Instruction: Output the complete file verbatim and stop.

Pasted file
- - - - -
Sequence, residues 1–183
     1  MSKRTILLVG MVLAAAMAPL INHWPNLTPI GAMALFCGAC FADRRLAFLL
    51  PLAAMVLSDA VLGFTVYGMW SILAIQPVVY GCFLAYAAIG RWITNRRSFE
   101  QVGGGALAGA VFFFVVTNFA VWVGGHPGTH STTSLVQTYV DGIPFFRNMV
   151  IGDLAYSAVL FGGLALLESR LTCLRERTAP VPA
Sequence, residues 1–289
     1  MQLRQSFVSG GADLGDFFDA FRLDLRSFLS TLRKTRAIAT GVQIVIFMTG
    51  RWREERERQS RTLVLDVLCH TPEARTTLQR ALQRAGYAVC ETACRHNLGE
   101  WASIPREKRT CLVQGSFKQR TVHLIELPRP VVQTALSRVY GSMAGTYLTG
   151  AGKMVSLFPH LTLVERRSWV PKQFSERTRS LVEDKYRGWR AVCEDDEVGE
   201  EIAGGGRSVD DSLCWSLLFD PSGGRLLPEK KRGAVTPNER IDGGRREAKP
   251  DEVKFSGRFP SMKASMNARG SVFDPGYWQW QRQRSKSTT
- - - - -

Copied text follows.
Sequence, residues 1–183
     1  MSKRTILLVG MVLAAAMAPL INHWPNLTPI GAMALFCGAC FADRRLAFLL
    51  PLAAMVLSDA VLGFTVYGMW SILAIQPVVY GCFLAYAAIG RWITNRRSFE
   101  QVGGGALAGA VFFFVVTNFA VWVGGHPGTH STTSLVQTYV DGIPFFRNMV
   151  IGDLAYSAVL FGGLALLESR LTCLRERTAP VPA
Sequence, residues 1–289
     1  MQLRQSFVSG GADLGDFFDA FRLDLRSFLS TLRKTRAIAT GVQIVIFMTG
    51  RWREERERQS RTLVLDVLCH TPEARTTLQR ALQRAGYAVC ETACRHNLGE
   101  WASIPREKRT CLVQGSFKQR TVHLIELPRP VVQTALSRVY GSMAGTYLTG
   151  AGKMVSLFPH LTLVERRSWV PKQFSERTRS LVEDKYRGWR AVCEDDEVGE
   201  EIAGGGRSVD DSLCWSLLFD PSGGRLLPEK KRGAVTPNER IDGGRREAKP
   251  DEVKFSGRFP SMKASMNARG SVFDPGYWQW QRQRSKSTT